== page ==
At its simplest denominator, a citizen is by principle afforded the right of being included in a group’s decisions. But there is a special place for those who serve as policymakers and policy experts. But I offer the point in my book that “sometimes the rules are not made by the public required to follow them.” The solidarity means that all of us have culpability in the health of the collective. But each of our investment in this solidarity differs in our (re)actions, invocations and values. This knowledge should, in theory, affect the role that each of us plays in bettering social outcomes. Those in policy hold a special role that should not be understated. A policy has the power to guide and mold the direction of societal movements or cause an unfortunate setback. The democratic process has placed the power of policy in the hands of select individuals with certain position and access to resources. Those policymakers are anointed members of the social order but are not infallible. The policymakers are tinkering with our public, in so doing, the social system changes as a result.

Puffins, which puffin is really in charge?

The public has placed the responsibility of policy and governance on puffins. More specifically, our public policy mechanisms are placed in the hands of what I call, “policy puffins.” Puffins uniquely self-organize through colonization, forming groups in order to increase the chances of their colony members’ survival. Policymakers lack the distinctive physical features of the adorable seabirds. The social construction demonstrated by these puffins offer an allegory for the complexity of what could be happening with policymakers. In a recent study by Andris and colleagues, in the past 60 years Congress has never been more polarized across partisan lines. These policy puffins have hunkered in, committed to their colony (party) and have vested immense power in the hands of a select few “puffins” to act as negotiation brokers across parties. When this allegory is framed using the Andris et. al. study of political cooperation in the U.S. House as well as other general systems science research:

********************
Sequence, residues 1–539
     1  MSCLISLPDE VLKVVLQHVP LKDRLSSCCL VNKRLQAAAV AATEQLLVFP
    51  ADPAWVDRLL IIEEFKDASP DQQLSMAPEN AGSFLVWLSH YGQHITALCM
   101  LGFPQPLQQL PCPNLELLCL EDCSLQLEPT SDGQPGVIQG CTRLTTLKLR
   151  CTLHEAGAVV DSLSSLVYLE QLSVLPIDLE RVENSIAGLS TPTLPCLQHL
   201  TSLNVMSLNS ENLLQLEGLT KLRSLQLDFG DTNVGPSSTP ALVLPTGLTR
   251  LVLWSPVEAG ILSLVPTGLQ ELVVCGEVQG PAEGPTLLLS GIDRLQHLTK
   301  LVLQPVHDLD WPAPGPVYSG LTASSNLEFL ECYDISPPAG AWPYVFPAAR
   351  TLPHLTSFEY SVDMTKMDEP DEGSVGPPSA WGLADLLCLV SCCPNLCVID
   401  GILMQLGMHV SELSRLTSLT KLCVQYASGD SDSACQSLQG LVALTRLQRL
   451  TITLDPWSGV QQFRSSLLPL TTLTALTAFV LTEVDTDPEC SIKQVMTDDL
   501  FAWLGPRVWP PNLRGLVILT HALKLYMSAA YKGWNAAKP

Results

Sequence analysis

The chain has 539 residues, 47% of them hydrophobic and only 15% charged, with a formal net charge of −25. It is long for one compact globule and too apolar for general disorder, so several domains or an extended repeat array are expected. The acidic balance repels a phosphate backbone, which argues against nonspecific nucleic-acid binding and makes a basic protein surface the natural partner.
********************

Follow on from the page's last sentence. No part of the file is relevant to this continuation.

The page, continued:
• The puffins select like minded allies in Congress which increases the chance of overly homogenous political groupings.
• Select “super” puffins in Congress anointed by the party act as the bridges across political networks which make them powerful in terms of social connection as well as information gate keeping.
• In systems, bridges gain power in part due to the strategic configuration of connections that could be leveraged for social advantage. You cannot leverage connections that you do not have.
• Puffins flock to allies for personal political survival.
• “Super” puffins become more powerful during political upheavals because allies run to them for protection.
• Membership in a political group could mask dissenting opinions within a political group because all that is important is keeping up the united front.

Puffins, you are a part of the public.

The beneficiaries of public policy are vast publics. Publics, while fragmented and divided based on societal wants and political requirements, are bound by some level of negotiated citizenship under that policy. People must live and act under these policies orchestrated by the policy puffins. But people also die under those policies as well. We must never forget that policymakers are also of that same public. Policymakers must be reminded that powerful rules affect the very public they promised to protect.

Puffins, old wounds must be opened and those wounds may have come from policy.